- FAR 52.203-YY, “Mitigation of Organizational Conflicts of Interest,” would incorporate an offeror’s mitigation plan into the contract and also address changes to, and noncompliance with, the plan.
- FAR 52.203-YZ, “Limitation of Future Contracting,” would be used when the contracting officer determines to avoid a potential OCI through a limitation on future contracting.
The contracting officer would have discretion both in determining whether to include one or more of these clauses in a solicitation and in tailoring the clauses as appropriate. While the requirements of these clauses is likely not new to contractors, as similar requirements have been imposed by special contract clauses used by many agencies, the generalized coverage and reach of the FAR would likely expand their applicability to a far broader range of contracts and, thus, impose a heavier burden on companies to monitor potential OCIs over this increased contract pool.
Access to Nonpublic Information
The proposed rule includes a new FAR Subpart 4.4, entitled “safeguarding information within industry,” that is intended to preclude contractor use or disclosure of nonpublic information for any purpose unrelated to contract performance and to ensure that contractors do not obtain any unfair competitive advantage by virtue of access to such information.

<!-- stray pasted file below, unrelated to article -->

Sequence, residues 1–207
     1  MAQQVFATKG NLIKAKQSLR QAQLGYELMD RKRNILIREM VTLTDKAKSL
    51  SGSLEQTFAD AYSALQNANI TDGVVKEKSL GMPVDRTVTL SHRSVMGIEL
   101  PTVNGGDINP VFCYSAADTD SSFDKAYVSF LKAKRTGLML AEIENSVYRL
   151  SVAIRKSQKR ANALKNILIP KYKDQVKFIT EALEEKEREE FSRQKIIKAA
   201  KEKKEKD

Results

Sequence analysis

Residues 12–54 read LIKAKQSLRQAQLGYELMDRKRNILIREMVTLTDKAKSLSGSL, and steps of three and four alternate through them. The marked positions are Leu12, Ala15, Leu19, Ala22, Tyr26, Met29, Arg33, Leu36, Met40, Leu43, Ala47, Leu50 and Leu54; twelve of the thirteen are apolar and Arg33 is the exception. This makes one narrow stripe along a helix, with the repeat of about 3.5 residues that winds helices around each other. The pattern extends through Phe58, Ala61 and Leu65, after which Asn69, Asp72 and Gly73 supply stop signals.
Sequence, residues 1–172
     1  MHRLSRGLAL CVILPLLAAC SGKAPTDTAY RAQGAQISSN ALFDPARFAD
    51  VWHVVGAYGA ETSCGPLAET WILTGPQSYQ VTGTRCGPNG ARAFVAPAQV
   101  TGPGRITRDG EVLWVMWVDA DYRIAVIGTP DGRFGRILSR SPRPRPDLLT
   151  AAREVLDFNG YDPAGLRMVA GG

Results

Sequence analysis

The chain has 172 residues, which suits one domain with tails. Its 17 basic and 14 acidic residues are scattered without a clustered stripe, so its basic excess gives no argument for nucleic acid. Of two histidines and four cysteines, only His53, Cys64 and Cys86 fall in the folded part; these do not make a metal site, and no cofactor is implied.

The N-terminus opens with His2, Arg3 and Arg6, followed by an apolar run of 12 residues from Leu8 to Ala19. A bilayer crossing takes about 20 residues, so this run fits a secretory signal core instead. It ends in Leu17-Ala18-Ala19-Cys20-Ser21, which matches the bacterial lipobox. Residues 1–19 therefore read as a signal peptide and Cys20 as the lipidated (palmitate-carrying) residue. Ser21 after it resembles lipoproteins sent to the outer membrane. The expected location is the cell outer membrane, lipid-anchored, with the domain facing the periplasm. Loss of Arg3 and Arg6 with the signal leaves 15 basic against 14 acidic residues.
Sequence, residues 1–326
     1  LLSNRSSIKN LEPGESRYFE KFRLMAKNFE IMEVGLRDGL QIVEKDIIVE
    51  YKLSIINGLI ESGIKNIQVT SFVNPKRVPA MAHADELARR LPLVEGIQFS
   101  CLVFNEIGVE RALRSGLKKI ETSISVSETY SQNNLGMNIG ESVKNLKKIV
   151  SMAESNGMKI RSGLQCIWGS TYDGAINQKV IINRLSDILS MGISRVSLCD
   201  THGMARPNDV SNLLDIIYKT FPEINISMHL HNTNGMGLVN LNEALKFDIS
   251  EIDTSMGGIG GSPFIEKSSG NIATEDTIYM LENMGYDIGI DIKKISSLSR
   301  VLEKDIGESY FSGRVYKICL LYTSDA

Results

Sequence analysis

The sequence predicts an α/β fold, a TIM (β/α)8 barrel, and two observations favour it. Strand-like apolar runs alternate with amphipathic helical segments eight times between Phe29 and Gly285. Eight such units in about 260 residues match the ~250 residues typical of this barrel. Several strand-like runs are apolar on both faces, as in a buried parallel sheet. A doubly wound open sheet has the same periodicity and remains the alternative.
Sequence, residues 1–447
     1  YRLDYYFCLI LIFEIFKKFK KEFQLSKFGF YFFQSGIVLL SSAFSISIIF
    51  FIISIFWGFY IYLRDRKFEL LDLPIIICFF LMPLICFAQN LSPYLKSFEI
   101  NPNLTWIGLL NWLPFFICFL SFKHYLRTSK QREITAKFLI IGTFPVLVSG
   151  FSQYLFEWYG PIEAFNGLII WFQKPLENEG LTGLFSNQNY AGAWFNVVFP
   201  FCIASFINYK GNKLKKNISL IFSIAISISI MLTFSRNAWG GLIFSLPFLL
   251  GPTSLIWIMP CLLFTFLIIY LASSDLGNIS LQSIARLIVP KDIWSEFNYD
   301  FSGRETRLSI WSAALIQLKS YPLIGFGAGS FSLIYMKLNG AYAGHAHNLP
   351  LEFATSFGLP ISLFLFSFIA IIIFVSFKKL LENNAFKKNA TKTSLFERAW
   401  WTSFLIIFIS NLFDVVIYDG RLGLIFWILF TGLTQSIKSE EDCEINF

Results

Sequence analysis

FAR Subpart 4.4 would create a new framework for addressing the potential competitive harm resulting from unequal access to nonpublic information. Under the new approach, the contracting officer would be required to consider whether access to the nonpublic information was provided either directly or indirectly by the Government or by a third party. If the information was provided by a third party, the contracting officer would not be required to take – but apparently would not be prohibited from taking – steps to mitigate the potential unfair competitive advantage. If, on the other hand, access to the information was provided either directly or indirectly by the Government, the contracting officer would be required to consider whether the nonpublic information is available to all potential offerors and whether access to the nonpublic information would be competitively useful. If the Government-provided information is competitively useful, and was not available to all offerors, the contracting officer would be required to mitigate the resulting unfair competitive advantage. The potential mitigation strategies identified in the proposed rule include disseminating the information to all offerors (if the nonpublic information is Government information), the use of a firewall (where only some offeror personnel have had access to the information), and disqualification from the procurement (where the contracting officer determines that neither of the foregoing strategies would be effective). The last of these mitigation techniques is particularly harsh and has not generally been required since firewalls and nondisclosure agreements should adequately resolve the unfair competitive advantage. Hence, we hope that disqualification would, as it should, remain a technique of last resort that is rarely imposed.